A Virtual Private Network is an encrypted "tunnel" from an untrusted network such as the Internet into a trusted network, such as an organization's Internal network. ISA Server 2004 possesses a wide array of VPN capabilities, all of which can be accessed through the Virtual Private Networks Node in the ISA Server Console, as shown in Figure 3.25
Figure 3.25. Examining the Virtual Private Networks (VPNs) node in the ISA Console.
This section of the chapter covers the ISA Server Console settings in the VPN node at a high level, describing the general options available and giving an idea of what VPN tools are available in the console. For advanced VPN design, configuration, and step-by-step descriptions, see Chapters 9 and 10, "Extending ISA Server 2004 to Branch Offices with Site-to-Site VPNs."
Enabling and Configuring VPN Client Access
By default, VPN access through ISA Server is not enabled, and it must be turned on before VPN capabilities can be reviewed. Turning on VPN functionality is a straightforward process and can be performed as follows:
The VPN functionality of ISA Server relies on the Routing and Remote Access Service of Windows Server 2003, and requires it to be started for VPN clients to be able to connect. If a Security Policy is in place to disable this service, it will create problems with VPNs, so it is subsequently important to validate that RRAS functionality is enabled if the ISA Server will need to process VPN requests.
After VPN client access has been granted, the VPN client settings can be configured by clicking on the Configure VPN Client Access link in the Task Pane. This link invokes the VPN Clients Properties dialog box, shown in Figure 3.27, where the following settings can be configured:
Figure 3.27. Setting VPN client properties.
Configuring Remote Access Configuration
Many of the options associated with VPNs in ISA Server can be found in the Remote Access configuration dialog box, accessible via the Select Access Networks link in the Task pane. The dialog box invoked via this link, shown in Figure 3.28, allows for the configuration of Remote Access properties specific to VPN access, but not necessarily specific to clients. These include the following settings:
Figure 3.28. Configuring Remote Access settings.
Creating Remote Site Networks for Site-to-Site VPN
ISA Server 2004 also includes the capability to create encrypted tunnels between two disparate networks in an organization that are connected through the Internet. This allows for communication across the Internet to be scrambled so that it cannot be read by a third party. ISA provides this capability through its Remote Site VPN capabilities.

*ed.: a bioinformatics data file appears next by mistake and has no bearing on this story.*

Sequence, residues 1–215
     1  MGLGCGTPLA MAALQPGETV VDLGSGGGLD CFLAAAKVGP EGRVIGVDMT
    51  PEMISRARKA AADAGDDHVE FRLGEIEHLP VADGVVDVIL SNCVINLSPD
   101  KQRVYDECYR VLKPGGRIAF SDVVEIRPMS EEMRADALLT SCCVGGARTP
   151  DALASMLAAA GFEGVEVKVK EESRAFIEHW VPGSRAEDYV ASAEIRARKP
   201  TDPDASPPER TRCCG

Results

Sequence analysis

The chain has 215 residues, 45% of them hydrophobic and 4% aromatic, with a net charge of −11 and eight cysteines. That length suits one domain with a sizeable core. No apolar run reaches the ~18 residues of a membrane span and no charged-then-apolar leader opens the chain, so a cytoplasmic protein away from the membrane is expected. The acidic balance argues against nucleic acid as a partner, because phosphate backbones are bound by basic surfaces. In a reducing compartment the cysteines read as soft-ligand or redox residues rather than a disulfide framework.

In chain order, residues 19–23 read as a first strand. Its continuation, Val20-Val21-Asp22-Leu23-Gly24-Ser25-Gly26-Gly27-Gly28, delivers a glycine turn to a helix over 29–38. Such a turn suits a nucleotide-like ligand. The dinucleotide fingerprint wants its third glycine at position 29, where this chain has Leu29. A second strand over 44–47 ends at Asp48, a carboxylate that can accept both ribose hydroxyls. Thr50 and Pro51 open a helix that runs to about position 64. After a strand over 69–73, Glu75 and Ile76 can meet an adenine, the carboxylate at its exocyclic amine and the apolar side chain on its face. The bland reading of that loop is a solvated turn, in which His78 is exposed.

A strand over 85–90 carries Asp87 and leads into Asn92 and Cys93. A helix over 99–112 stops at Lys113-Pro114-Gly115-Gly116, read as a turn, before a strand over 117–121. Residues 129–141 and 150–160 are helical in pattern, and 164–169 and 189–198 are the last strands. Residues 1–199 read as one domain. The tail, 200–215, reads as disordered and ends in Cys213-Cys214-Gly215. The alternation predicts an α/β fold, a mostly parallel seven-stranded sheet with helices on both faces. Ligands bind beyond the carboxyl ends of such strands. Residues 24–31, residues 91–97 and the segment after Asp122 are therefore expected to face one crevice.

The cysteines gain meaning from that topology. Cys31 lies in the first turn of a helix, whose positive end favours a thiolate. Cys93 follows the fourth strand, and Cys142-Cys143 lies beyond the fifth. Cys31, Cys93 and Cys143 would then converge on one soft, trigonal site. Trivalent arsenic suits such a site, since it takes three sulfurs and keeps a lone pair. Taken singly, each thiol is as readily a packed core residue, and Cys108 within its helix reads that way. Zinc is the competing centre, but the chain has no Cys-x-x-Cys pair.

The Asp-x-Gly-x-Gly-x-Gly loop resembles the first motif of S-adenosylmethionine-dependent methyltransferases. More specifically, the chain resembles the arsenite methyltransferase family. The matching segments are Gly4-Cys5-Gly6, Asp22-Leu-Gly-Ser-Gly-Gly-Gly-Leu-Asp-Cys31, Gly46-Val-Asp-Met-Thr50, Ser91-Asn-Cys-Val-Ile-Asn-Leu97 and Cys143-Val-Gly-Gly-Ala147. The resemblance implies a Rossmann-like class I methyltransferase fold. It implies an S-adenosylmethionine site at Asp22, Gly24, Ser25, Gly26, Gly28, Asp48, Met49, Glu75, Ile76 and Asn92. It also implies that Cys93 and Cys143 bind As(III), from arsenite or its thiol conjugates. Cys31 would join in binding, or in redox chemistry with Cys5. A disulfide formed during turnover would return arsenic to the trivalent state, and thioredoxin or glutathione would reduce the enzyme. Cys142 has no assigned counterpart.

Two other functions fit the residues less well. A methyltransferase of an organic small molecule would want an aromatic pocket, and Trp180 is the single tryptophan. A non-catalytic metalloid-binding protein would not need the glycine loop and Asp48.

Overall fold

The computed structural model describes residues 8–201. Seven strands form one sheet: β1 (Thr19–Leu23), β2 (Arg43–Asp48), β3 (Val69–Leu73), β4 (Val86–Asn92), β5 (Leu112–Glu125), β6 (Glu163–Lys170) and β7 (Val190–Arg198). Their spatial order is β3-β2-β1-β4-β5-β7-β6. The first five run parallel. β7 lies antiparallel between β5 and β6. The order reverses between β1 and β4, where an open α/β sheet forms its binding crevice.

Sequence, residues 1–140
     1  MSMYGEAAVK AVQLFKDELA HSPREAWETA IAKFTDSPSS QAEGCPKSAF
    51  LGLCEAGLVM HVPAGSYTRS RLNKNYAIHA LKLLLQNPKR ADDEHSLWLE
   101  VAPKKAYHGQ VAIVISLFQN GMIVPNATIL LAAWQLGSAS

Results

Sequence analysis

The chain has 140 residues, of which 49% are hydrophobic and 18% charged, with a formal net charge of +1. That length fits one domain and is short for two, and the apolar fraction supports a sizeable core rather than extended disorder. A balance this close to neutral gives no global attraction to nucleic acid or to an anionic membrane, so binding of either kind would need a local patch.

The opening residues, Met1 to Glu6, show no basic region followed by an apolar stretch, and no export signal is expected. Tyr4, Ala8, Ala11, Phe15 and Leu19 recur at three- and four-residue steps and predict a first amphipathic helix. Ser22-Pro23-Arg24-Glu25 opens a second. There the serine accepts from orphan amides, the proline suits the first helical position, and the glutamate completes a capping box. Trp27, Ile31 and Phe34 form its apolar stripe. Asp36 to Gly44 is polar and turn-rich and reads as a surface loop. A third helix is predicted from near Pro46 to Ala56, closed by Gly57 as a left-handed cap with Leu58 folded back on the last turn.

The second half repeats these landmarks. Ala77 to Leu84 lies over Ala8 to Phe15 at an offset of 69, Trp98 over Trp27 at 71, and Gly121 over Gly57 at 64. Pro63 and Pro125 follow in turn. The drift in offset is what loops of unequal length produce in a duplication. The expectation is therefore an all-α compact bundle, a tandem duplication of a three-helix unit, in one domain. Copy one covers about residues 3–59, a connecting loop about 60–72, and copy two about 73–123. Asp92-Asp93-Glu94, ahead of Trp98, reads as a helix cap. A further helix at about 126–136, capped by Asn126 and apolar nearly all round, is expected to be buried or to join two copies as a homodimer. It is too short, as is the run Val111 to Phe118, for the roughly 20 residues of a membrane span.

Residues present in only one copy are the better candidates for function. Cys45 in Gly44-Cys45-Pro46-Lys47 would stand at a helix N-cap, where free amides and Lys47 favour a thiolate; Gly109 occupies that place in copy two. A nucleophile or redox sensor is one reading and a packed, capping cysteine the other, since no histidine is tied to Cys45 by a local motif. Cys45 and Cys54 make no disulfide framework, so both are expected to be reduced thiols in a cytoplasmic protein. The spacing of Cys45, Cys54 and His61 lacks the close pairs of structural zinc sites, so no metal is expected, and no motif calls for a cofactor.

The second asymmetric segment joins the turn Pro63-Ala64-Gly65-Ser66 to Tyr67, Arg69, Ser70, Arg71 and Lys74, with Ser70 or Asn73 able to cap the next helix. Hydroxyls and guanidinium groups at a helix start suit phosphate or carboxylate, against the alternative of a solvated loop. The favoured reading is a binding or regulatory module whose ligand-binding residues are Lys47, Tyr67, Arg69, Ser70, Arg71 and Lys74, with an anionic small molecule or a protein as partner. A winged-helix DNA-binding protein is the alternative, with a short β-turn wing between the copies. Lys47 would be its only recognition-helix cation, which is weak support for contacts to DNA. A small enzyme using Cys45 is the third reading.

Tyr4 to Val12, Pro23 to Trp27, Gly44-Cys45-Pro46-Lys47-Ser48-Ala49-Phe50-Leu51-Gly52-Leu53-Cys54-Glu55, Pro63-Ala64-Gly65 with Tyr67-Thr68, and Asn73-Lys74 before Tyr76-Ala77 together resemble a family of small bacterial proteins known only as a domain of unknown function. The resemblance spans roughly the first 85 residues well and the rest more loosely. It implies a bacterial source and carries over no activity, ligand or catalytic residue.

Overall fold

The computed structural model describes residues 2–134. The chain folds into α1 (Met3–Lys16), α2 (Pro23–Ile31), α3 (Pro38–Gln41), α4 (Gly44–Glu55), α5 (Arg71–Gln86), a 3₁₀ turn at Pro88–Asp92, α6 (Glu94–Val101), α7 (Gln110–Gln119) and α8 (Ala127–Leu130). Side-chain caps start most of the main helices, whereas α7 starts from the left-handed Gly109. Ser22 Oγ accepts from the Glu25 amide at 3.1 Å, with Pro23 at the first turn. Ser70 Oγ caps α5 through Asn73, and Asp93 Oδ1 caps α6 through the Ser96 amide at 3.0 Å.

The Remote Site VPN options, available on the Remote Sites tab in the Central Details pane of the VPN node, allow for the creation and configuration of Remote Site networks for site-to-site VPNs. These site-to-site VPN networks enable an organization to connect remote networks together, creating one complete, routable, and logical network, such as the one shown in Figure 3.29.
Figure 3.29. Configuring Remote Access settings.
When configuring a site-to-site VPN between two ISA Server 2004 systems, the option exists to secure the traffic by using the IP Security Protocol (IPSec), the Later Two Tunneling Protocol (L2TP) over IPSec, or the Point-to-Point Tunneling Protocol (PPTP), depending on the individual organizational security needs. These options are available when running the New Site-to-Site Network Wizard that is launched from the Add Remote Site Network link in the Task pane.
In addition to supporting a destination ISA Server 2004 system for site-to-site VPN, ISA Server also supports connecting to a third-party VPN Gateway that supports the IPSec protocol. This greatly extends ISA's reach because third-party firewall solutions that may already be in place are potential candidates for ISA site-to-site VPNs.
Specific configuration information for site-to-site VPNs can be found in Chapter 10.
Understanding VPN Quarantine
The concept of the VPN quarantine network is fairly straightforward; although, its implementation is not necessarily so. Essentially, VPN quarantine refers to the capability to have ISA place a client that does not conform to specific criteria into a special quarantined VPN clients network. This network can then be limited to only a specific set of low-risk activities. For example, it may be useful to validate that all clients have approved anti-virus software installed before full access to the network is granted.
VPN quarantine is not on by default, and must be specifically set up and configured. Chapter 9 contains step-by-step procedures, but the configuration of VPN quarantine consists of two processes. The first process involves configuring VPN client computers with a special listener that reports to the ISA server if the client passes specified criteria that are necessary for full access. The second component, illustrated in Figure 3.30, involves checking the box in the Quarantined VPN Clients Properties dialog box.
Figure 3.30. Enabling VPN quarantine.
Unlike the other VPN settings, you can invoke this dialog box in the Networks node by double-clicking on the quarantined VPN clients network listed under the Networks tab of the Central Details pane.